Johann Nepomuk von Fuchs

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Johann Nepomuk von Fuchs (15 May 1774 – 5 March 1856)[1] was a German chemist and mineralogist.

Biography[edit]

He was born at Mattenzell, near Falkenstein in the Bavarian Forest. In 1807 he became professor of chemistry and mineralogy at the university of Landshut, and in 1823 conservator of the mineralogical collections at Munich, where he was appointed professor of mineralogy three years later, on the removal thither of the university of Landshut. He retired in 1852, was ennobled by the king of Bavaria in 1854, and died at Munich on 5 March 1856.

He is largely known for his mineralogical observations and for his work on soluble glass, an alkaline silicate utilized in stereochromy, a special kind of fresco painting. Historically, the substance was sometimes referred to as "Fuchs's soluble glass". Also, he developed a scientific method for the production of cement and made contributions in his research involving the amorphic state of solid bodies.[2][3]

He coined the mineral names wagnerite (1821) and margarite (1823),[4][5] and with Adolph Ferdinand Gehlen, was co-describer of the mineral mesolite (1816).[6] A variety of muscovite called fuchsite commemorates his name.[3]

Published works[edit]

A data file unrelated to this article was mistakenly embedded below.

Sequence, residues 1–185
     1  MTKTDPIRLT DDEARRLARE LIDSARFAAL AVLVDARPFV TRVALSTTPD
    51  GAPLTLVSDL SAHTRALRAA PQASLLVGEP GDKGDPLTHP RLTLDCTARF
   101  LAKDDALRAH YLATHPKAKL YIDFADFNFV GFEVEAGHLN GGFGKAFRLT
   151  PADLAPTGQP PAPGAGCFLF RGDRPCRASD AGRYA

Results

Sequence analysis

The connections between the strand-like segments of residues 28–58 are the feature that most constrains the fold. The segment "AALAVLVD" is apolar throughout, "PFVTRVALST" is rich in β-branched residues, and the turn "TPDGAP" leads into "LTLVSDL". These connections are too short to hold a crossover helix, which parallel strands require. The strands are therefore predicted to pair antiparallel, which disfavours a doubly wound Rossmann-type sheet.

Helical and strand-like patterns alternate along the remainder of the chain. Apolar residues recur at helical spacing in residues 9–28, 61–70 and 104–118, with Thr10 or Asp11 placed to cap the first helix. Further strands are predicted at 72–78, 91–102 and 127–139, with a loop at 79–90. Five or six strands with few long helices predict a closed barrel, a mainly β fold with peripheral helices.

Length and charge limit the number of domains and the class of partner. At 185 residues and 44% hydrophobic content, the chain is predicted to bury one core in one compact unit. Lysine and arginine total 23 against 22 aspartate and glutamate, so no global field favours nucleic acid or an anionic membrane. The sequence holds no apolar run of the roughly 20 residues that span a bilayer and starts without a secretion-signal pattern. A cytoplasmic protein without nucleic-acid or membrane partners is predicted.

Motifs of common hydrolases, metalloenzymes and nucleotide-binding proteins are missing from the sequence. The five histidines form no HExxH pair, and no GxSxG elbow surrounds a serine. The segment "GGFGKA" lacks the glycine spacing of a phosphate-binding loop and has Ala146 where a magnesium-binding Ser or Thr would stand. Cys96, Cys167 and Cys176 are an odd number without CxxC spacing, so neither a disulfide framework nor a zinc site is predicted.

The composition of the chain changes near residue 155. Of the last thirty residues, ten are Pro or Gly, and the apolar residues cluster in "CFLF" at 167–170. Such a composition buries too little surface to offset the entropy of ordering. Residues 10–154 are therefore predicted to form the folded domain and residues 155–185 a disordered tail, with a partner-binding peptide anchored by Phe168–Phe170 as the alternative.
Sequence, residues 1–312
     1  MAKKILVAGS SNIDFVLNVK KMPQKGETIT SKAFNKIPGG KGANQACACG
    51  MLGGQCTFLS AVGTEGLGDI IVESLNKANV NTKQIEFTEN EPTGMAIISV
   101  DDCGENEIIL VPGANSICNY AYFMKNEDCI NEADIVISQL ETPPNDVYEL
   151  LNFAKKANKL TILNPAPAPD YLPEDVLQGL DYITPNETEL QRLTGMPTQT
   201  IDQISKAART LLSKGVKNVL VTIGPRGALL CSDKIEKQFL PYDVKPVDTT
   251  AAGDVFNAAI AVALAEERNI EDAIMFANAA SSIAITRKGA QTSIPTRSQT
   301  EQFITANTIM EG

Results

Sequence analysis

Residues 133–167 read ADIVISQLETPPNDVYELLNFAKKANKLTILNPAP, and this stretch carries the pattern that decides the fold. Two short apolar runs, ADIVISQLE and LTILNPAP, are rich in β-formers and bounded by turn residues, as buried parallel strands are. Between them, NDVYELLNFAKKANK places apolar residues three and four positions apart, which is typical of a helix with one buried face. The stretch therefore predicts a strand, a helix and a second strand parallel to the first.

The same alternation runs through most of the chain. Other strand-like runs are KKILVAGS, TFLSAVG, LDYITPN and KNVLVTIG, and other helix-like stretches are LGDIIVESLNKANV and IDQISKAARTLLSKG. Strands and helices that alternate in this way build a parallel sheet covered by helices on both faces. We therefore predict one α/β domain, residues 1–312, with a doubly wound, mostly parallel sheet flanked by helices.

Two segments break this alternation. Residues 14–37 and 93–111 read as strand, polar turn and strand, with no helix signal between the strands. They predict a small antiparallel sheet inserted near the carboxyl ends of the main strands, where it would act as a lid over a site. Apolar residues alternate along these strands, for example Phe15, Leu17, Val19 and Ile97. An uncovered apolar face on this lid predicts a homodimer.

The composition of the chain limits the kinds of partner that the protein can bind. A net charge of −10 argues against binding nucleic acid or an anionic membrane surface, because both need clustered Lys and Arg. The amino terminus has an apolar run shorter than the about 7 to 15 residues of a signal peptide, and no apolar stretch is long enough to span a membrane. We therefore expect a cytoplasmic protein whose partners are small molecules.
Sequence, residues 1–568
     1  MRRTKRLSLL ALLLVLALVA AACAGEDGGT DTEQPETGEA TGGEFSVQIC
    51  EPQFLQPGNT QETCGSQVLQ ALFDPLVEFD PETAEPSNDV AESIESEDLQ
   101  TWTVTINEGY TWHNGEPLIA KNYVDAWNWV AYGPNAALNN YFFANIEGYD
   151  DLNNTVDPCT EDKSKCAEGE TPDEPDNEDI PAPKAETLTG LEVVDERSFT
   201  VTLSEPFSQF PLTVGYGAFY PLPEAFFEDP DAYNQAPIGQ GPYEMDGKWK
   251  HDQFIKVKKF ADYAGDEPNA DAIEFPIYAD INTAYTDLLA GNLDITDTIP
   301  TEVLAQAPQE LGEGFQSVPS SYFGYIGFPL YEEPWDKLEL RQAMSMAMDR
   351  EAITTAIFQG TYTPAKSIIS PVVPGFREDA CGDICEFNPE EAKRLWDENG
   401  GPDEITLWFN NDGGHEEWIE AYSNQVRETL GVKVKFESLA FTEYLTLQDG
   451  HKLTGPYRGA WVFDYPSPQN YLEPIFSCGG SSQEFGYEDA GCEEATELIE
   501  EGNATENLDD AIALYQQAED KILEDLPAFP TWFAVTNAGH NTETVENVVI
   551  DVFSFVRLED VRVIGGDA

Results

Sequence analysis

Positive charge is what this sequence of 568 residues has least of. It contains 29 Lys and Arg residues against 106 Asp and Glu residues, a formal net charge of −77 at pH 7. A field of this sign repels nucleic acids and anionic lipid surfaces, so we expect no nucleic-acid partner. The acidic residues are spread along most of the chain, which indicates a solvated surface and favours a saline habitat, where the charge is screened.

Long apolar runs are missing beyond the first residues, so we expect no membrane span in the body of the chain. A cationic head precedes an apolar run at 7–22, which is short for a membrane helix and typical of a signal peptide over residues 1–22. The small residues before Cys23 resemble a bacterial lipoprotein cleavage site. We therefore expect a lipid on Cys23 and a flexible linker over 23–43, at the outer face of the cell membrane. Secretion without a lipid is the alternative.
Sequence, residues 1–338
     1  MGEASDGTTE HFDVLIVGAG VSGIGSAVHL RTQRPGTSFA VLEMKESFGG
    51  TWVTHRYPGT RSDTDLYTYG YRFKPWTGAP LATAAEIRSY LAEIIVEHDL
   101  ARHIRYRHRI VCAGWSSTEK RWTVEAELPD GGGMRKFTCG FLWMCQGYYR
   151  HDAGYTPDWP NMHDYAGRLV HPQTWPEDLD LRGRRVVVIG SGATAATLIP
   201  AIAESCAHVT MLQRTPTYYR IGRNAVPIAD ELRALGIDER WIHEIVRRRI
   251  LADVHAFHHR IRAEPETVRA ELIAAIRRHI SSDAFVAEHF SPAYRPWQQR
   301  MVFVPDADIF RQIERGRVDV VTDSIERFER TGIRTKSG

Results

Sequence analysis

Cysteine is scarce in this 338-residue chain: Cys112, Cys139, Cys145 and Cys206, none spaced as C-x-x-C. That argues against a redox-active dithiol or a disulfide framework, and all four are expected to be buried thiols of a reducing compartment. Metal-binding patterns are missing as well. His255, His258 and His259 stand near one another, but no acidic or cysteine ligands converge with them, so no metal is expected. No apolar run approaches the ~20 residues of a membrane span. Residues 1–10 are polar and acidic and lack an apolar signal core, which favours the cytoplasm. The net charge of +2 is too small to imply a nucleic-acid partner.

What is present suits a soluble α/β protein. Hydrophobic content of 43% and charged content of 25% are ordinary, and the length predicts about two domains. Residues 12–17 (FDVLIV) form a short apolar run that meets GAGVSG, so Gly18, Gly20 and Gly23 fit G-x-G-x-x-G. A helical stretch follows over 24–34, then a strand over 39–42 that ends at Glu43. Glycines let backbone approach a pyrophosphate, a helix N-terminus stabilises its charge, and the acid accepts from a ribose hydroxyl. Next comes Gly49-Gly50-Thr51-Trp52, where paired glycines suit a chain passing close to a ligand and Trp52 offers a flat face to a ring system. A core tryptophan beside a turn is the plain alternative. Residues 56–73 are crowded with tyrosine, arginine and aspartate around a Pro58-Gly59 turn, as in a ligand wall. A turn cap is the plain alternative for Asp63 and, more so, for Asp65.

• Ueber die Entstehung der Porzellan-Erde, 1821 – On the origin of porcelain earth.
  • Neue Methode das Bier auf seine wesentlichen Bestandtheile zu untersuchen, 1836.
  • Naturgeschichte des Mineralreichs, 1842 – Natural history of the mineral world.
  • Über die Theorien der Erde, den Amorphismus fester Körper und den gegenseitigen Einfluß der Chemie und Mineralogie, 1844 – In regards to earth science, the amorphism of solid bodies and the mutual influence of chemistry and mineralogy.
  • La stéréochromie: peinture monumentale, 1861 (French translation by Léon Dalemagne).[7]

References[edit]

  1. ^ "Johann Nepomuk Fuchs". Catholic Encyclopedia. Retrieved 2007-02-18. 
  2. ^ Fuchs, Johann Nepomuk von Deutsche Biographie
  3. ^ a b Johann Nepomuk von Fuchs Original Catholic Encyclopedia
  4. ^ Wagnerite Mindat.org
  5. ^ Margarite Mindat.org
  6. ^ Mesolite Fuchs & Gehlen, 1816 YPM MIN 023002
  7. ^ Google Search published works